So our feast would be wild boar with prickly pear barbecue sauce and a side of yucca.  This is also known as the most west Texas meal ever.

Wild Boar with Prickly Pear Tequila Barbecue Sauce

Wild Boar Directions:
  • Eat a pineapple for breakfast.
  • Vertically slice up 1 red onion and spread it around the bottom of the crockpot.
  • If you have a kitchen slave or a butler, have them gently and methodically massage salt and pepper deep into the boar meat.  Lacking either, simply salt and pepper the surface of the meat, then place it in a skillet on high heat to get a good sear on all sides. 
  • Place the wild boar meat inside the crockpot on top of the onion layer.  Then add 1 whole red onion (peeled) to let it bask in the glorious essence of the wild boar.  If you are cooking the boar’s head, place the onion inside the boar’s mouth.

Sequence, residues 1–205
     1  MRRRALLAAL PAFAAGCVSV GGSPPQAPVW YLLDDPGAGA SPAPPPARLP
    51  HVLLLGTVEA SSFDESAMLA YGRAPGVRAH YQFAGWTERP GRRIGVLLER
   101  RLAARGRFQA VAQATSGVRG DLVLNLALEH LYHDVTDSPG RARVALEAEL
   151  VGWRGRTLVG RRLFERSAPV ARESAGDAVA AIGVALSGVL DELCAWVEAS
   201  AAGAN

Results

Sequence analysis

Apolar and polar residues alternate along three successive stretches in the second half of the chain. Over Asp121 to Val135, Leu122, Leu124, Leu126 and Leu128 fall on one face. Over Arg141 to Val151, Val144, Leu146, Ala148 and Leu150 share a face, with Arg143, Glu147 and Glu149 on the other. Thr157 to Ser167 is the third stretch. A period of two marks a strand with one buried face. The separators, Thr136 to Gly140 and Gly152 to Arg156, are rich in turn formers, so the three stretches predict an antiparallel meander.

• Add 1 cup of hot water.
  • Lay the entire pineapple core from breakfast lengthwise inside the crockpot against the boar meat.  Scatter additional pineapple fragments around the meat surface.  Cook on high for four hours.
Pro tips:
  • If pressed for time, you may cut the meat into two or three chunks so as to expedite the cooking process.  As an added bonus, this creates ideal cavities for the pineapple core and fragments.
  • Don’t be a n00b – coat the inside of the crockpot with canola oil so your butler won’t have to spend an hour cleaning it.  He needs to be answering the door.
Sauce Ingredients:
3 medium red onions (two of these are already cooking in the crock pot with the boar)
1 Tbsp. canola oil
1-1/2 cups prickly pear juice
3 Tbsp. unsalted butter
Scant 1/2 tsp. ground coriander (or 1/2 tsp. coriander seeds, ground)
Scant 1-1/2 tsp. ground cumin (or 1-1/2 tsp. cumin seeds, ground)
1 tsp. crushed red pepper flakes
2 jalapeno chilies, minced, ribs and seeds removed
3 garlic cloves, minced
1 tsp. lime zest*
1/2 cup white Worcestershire sauce**
1/2 cup tequila
1/4 cup apple cider vinegar